Guide The Golden Age of the Newspaper

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Amazon Music Stream millions of songs. Amazon Drive Cloud storage from Amazon. Alexa Actionable Analytics for the Web. It cost a huge amount of money to finance foreign bureaus, investigative reporting, state and national news bureaus, standalone Sunday book reviews, and specialized reporting on health, science, and business. American newspaper owners could afford the cost.

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In the second half of the 20th century, their coffers brimmed. During that same period, grocery store profits were in the 2 percent range and department stores around 4 percent. Owning a newspaper was basically a license to print money; news did not conform to the normal rules of business. American mainstream news thrived in the post-war period because of a complex, interlocking set of subsidies. Advertisers subsidized American newspapers to reach the mass market of consumers.

By the midth century, advertisements brought in about 80 percent of newspaper revenue. Readers paid the remaining 20 percent, which roughly equaled the cost of delivery. Readers also subsidized each other. The newspaper offered something for everyone. The reader who disregarded hard news paid for the paper to find out about sports scores, television listings, and job ads. These subsidies were anomalous, however. Newspapers grew more profitable because others failed, allowing the survivors to attract ever-larger audiences.

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In effect, the rich became richer. But this set in motion a self-defeating dynamic. How could a newspaper acquire appreciably more readers when it was the only one in town? This might not have made a lot of difference for family-owned papers, who still enjoyed a decent income. But with increasing public ownership, growth matters. Stockholders wanted to see their value of their holdings appreciate beyond the rate of inflation.

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Cutting expenses for news-gathering was one way to achieve that. Then there was the matter of competition from new media. But the next wave of new media was a different matter. Competition soared with the Internet, because there was now such a low barrier to entry.

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Besides this, the Internet unbundled news. Consumers who wanted sports scores could get all they wanted online, all day, for free. Those consumers no longer subsidized other readers with different interests to the same extent. We all know what happened next: Unbundling content has confronted journalists with a hard truth. Most readers did not care about foreign or political news as much as many journalists had imagined. Or at least, those readers did not care enough about that news to pay for it.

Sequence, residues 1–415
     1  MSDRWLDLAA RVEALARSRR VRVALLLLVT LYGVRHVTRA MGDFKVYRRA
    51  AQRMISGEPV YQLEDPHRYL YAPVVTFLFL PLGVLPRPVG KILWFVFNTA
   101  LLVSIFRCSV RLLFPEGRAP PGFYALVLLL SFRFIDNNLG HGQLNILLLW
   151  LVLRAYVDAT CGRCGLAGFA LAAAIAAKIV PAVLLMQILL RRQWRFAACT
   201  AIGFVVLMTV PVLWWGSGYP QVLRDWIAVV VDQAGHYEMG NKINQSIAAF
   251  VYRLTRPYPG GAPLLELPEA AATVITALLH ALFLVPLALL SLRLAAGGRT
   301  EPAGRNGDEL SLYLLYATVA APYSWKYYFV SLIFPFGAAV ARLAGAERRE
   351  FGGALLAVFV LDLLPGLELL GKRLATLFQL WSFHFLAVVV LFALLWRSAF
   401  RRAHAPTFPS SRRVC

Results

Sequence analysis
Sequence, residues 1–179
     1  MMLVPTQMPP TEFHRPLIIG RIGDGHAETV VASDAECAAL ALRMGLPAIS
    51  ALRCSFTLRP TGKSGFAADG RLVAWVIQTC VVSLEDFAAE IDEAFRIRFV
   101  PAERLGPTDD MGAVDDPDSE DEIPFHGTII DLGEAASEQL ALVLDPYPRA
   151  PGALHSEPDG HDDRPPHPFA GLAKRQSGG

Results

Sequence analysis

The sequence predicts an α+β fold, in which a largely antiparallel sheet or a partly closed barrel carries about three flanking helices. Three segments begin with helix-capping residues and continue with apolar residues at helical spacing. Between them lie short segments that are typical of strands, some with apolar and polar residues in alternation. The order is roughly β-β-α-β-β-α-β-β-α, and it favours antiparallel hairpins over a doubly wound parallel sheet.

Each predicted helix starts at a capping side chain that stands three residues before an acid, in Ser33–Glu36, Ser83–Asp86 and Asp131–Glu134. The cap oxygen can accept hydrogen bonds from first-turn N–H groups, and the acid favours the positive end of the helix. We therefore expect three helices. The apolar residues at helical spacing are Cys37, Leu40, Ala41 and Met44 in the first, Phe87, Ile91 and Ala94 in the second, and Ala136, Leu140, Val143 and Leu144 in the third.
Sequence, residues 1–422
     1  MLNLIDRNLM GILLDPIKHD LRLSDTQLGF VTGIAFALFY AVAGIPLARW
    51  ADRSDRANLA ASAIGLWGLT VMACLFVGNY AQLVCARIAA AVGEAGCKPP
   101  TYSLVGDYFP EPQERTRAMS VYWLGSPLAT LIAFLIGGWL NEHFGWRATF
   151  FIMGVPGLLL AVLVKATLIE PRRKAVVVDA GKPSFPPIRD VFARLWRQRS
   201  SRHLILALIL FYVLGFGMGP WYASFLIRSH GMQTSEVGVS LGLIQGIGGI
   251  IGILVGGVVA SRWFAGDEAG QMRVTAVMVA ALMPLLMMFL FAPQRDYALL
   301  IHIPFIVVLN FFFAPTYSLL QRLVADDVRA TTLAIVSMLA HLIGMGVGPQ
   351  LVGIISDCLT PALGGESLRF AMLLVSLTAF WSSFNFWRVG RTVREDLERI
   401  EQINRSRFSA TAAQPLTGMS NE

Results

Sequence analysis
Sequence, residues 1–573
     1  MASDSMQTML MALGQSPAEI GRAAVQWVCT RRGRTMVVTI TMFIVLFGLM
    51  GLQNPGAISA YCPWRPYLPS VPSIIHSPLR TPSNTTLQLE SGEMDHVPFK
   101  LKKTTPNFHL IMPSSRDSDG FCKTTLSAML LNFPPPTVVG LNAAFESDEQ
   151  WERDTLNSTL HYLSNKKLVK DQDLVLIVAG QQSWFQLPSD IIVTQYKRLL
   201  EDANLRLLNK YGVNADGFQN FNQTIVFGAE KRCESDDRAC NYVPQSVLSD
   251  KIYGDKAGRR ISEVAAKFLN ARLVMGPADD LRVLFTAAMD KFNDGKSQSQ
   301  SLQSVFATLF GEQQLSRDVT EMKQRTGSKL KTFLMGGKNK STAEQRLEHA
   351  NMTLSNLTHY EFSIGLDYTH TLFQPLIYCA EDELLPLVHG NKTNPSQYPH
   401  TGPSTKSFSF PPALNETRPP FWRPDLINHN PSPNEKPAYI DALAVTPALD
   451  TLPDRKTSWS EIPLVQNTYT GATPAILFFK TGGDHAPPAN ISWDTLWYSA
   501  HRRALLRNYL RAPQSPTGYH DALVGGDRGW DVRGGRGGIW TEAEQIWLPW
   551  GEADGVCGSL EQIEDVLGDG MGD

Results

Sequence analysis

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All these developments are less surprising when we consider the longer history of news. Newspapers have mostly struggled to make money or be the dominant provider of news. In trying to capture audience, their content was sensational, opinionated, irresponsible, and mean.

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  • Depending on ownership, newspapers were sometimes informative. That just happened far less often than the lamenters of bygone days imply.

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    Newspapers were invented in the s but only became the main way to consume news in the late 19th century. In between, American newspapers were elite products or subsidized by political parties. Most of the evidence points to newspapers returning to the status they once held before They will matter — but not to everyone. For the centuries before the post-war golden decades, people gossiped about news, they sang songs, and they spread rumors. There are other ways that news today looks more like the 18th century than the s.

    In Paris, as elsewhere, news was cosmopolitan; cities were hubs of information, just like today. Social media platforms like Twitter are the new Trees of Cracow: People operate independently, without editorial supervision, like English 17th-century chronicler John Aubrey , who combined second-hand information with his own witty observations in vignettes on notables.

    Individual observations can be packaged and repackaged into news whether about cats on morning television news or bombs in Syria. The scope, speed, and scale of this many-to-many diffusion is new; the dynamic itself is not. People have always cared about news. They have just found different modes to gather and consume it.

    The next decades will look more like the times before the golden age, when newspapers competed with many other methods to gather news. This is not to say that American newspapers will not survive. But they will not assert the same dominance as during the midth century.

    The Golden Age of Journalism?

    They will coexist with other models. The blog, an updated Tree of Cracow, and the amateur citizen journalist, toiling solitarily as Aubrey did, exist side-by-side with the school-trained reporter in a large newsroom. What is happening now is not a break in the historical narrative of news. It is a partial return to the world of news that existed for far longer, as we have discussed at greater length in an academic article.

    American journalism is younger than American baseball. To expect this model to become permanent, whatever its virtues, is the equivalent of Athenians in B.